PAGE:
“I’d appreciate a post on how to find a color specialist in my area. What accreditation should I look for? What are questions I should ask when talking to a color specialist about working together? I once hired a designer for assistance in selecting colors and just as you described in your post, “The Three Most Important Words in A Color Consultation”, all I ended up with is a bunch of colors. I’m moving into a new home soon and I’m beginning the search for someone to help me pull everything together. Can you provide some tips for finding the right person to work with?”
The best advice I can give here is this; look for years of experience and be willing to pay for experience.
It takes years of various courses and exposure to a lot of different spaces and design styles, to be able to walk into [any] home and select colours for a home owner working with existing and often dated finishes and/or be able to define–what about the space– from a decorating perspective, needs to change as well.
In the 4 years that I worked at store level, I conducted over 1,000 consultations, that is an average of 5 calls a week. It’s the best crash course in colour and design ever because it’s experiential [which is the best training for any industry].
An experienced colour designer will be asking themselves (and/or you) questions like:
a) What should we ignore here?
b) What do we need to work with?
c) Does the colour in this room need to be light or dark?
d) Can we inject some colour into this house or does it have to be more neutral (based on existing finishes)?
e) Is my client looking for ‘neutrals’ or ‘colour’?
e) What kind of design advice does my client need that will take them in the right direction inside their renovations or in decorating their home?
f) Which room is it important to move forward inside of current trends vs. choosing something that goes with something dated but not being replaced anytime soon.
g) Bottom line, an experienced designer will explain why their recommendation works or validate the choices you have already made with an explanation as well. You are buying the ‘because’ make sure you get it!
3) For the spouse that does not think a designer is required. Do not say to your partner “What’s the problem honey, why can’t you just pick a colour?” or “Where is that tile, we need it? or “We don’t need a designer, we can do it ourselves!” Women are quite often way more affected by colour and aesthetics than men are [generally speaking] so unless you are willing to listen to years of complaints about how the backsplash ended up too busy, or pinky beige and your counters are yellow beige, go for it.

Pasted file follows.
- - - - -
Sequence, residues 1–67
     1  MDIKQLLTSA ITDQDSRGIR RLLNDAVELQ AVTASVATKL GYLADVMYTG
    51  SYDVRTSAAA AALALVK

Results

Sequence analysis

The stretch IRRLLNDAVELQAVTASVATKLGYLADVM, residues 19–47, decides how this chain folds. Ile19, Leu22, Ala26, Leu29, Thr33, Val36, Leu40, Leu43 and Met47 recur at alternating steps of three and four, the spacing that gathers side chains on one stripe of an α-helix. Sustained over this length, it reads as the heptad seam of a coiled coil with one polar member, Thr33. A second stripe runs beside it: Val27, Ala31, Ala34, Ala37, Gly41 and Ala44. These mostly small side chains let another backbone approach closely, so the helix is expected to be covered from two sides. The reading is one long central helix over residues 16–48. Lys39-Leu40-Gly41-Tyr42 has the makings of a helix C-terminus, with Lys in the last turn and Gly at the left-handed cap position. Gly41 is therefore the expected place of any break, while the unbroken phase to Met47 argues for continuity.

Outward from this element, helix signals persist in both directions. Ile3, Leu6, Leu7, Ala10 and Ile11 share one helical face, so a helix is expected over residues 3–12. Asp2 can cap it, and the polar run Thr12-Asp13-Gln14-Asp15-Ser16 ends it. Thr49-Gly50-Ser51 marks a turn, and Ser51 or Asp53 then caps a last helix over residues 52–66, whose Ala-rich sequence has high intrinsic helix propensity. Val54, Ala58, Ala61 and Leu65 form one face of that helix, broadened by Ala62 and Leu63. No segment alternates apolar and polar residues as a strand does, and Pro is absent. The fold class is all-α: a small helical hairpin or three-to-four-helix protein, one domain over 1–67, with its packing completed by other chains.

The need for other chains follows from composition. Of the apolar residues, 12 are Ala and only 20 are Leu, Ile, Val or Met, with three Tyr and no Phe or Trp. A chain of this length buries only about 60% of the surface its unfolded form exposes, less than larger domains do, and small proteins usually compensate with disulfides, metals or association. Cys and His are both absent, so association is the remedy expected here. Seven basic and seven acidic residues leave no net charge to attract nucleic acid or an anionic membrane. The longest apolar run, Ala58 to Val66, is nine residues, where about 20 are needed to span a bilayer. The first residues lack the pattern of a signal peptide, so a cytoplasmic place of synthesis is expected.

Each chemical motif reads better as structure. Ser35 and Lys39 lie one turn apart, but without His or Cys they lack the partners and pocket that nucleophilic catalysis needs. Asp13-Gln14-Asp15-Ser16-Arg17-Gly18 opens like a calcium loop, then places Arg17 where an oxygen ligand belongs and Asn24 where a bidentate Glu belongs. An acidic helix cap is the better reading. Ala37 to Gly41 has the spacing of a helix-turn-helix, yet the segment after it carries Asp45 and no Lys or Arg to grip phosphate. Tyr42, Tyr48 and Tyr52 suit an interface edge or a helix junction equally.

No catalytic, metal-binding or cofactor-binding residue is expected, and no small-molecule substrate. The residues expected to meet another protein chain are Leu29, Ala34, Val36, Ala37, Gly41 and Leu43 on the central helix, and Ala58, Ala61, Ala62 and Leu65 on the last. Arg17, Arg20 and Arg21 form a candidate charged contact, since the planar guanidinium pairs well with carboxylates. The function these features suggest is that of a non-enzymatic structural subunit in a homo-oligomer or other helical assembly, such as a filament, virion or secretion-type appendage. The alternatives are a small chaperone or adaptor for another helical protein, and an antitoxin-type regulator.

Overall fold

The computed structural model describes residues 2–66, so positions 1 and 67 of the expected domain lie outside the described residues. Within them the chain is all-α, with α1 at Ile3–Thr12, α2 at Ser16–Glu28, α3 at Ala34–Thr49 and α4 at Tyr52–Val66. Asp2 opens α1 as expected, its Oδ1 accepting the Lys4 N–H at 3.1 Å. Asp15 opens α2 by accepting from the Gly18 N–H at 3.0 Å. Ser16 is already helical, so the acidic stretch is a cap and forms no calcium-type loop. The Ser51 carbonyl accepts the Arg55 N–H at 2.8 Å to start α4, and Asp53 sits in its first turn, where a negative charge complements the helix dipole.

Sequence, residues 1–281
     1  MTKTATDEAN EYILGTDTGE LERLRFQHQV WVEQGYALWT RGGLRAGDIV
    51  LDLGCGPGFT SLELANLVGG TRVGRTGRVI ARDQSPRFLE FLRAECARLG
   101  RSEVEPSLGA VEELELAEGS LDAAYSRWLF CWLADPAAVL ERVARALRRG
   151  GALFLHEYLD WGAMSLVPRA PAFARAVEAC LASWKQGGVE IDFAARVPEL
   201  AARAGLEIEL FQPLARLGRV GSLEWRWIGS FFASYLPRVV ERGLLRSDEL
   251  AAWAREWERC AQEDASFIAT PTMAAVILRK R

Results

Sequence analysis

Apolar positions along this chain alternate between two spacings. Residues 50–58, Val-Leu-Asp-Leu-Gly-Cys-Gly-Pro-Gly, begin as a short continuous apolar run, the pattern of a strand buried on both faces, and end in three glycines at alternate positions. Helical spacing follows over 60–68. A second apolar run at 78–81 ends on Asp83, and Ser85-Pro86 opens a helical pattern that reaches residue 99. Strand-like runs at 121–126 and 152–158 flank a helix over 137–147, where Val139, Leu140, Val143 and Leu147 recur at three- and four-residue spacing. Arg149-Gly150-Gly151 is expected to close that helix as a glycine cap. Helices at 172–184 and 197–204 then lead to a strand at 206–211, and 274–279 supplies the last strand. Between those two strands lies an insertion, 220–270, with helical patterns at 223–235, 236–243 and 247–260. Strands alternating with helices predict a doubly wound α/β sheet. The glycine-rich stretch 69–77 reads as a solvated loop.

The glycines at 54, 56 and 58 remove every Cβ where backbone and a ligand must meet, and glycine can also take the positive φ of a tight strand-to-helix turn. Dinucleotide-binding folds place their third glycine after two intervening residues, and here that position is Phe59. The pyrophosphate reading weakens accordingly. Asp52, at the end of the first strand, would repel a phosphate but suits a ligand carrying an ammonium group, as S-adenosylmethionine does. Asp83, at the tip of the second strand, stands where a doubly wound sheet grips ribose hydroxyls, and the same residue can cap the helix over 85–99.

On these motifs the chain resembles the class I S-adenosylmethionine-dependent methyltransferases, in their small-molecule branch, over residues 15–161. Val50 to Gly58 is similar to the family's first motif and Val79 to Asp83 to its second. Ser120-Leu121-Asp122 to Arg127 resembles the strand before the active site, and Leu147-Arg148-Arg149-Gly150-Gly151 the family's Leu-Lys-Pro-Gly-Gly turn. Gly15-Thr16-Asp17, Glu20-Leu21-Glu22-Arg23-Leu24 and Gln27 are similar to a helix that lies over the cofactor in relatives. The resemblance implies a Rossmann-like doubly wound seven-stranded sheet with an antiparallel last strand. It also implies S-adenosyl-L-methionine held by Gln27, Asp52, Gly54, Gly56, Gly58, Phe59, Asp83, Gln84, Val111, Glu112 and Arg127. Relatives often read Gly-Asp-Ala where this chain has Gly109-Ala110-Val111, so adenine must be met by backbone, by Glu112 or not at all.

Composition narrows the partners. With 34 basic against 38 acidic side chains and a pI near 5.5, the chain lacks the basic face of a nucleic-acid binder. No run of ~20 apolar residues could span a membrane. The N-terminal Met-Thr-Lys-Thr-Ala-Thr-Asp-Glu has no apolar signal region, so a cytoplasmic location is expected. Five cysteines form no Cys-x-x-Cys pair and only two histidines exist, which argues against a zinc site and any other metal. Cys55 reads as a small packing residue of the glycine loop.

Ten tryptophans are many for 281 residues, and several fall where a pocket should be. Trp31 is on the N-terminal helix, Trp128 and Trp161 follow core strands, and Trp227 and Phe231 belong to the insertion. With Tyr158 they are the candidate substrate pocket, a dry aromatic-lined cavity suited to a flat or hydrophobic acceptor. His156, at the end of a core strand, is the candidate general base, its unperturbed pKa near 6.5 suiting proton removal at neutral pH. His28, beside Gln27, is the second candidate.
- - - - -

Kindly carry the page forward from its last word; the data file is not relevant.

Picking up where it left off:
On more thing, she’s not asking you why you are not doing the plumbing or electrical yourself, decorating is a skill just like any other profession which in many cases requires a professional to get it right.
A designer is a bargain, especially because this is their business—it’s not yours! If you are on a strict budget you have no budget to waste on mistakes!
4) Selecting tile is much harder than it might seem. I have seen tile in a store that I would swear has a green undertone go pinky beige when it’s installed—eeek! Choosing the wrong grout colour can also give you that effect because now you are visually comparing the minute differences in beige’s which when paired incorrectly change the colour of the tile right before your eyes. Never buy tile without taking it home and looking at it in the lighting of your bathroom or kitchen. And if you don’t have that luxury because you are building and the lighting will not be installed until after the tile? You might still be surprised when everything is complete.
A note about undertones: Don’t get upset if it’s difficult for you to distinguish them. I make it sound obvious and easy but it’s taken me years of working with large colour samples, to be able to see the undertone of a countertop or sofa from a mile away. And even then I’ll tell you which finishes can be tricky when defining an undertone. Carpet; sometimes I have to hold up a few paint samples to see whether it’s pink beige or green beige as both can get grayish and hard to distinguish.
5) The days of defining spaces with flooring are over [above]. We are now installing hardwood throughout the kitchen as well. If you are in an older house and have existing hardwood but do not have it in your kitchen, consider cork flooring in a tone that coordinates with your existing floors (if it’s too painful to try and find matching wood to install in your kitchen). If you still want tile for ultimate durability consider a larger size than 12 x 12 which (depending on the tile) can take you right back to the 90’s.
Here’s the 5 step recap:
1) Do your homework to distinguish the look you think you’ll be the most happy with.
2) If you are not an expert, hire one.
3) Unless you are a designer, it’s best to hire one even if it’s just for a 2 hour consultation to make sure the finishes that are about to be installed are going to work in your home. Have a selection for the designer to eliminate.
4) Tile/stone is not easy to choose, go back to step number 2.
5) Choose flooring that works with your existing finishes and keep it current.
If you need help choosing your kitchen colours and finishes, check out my ‘Create a Classic Kitchen’ eDesign package here.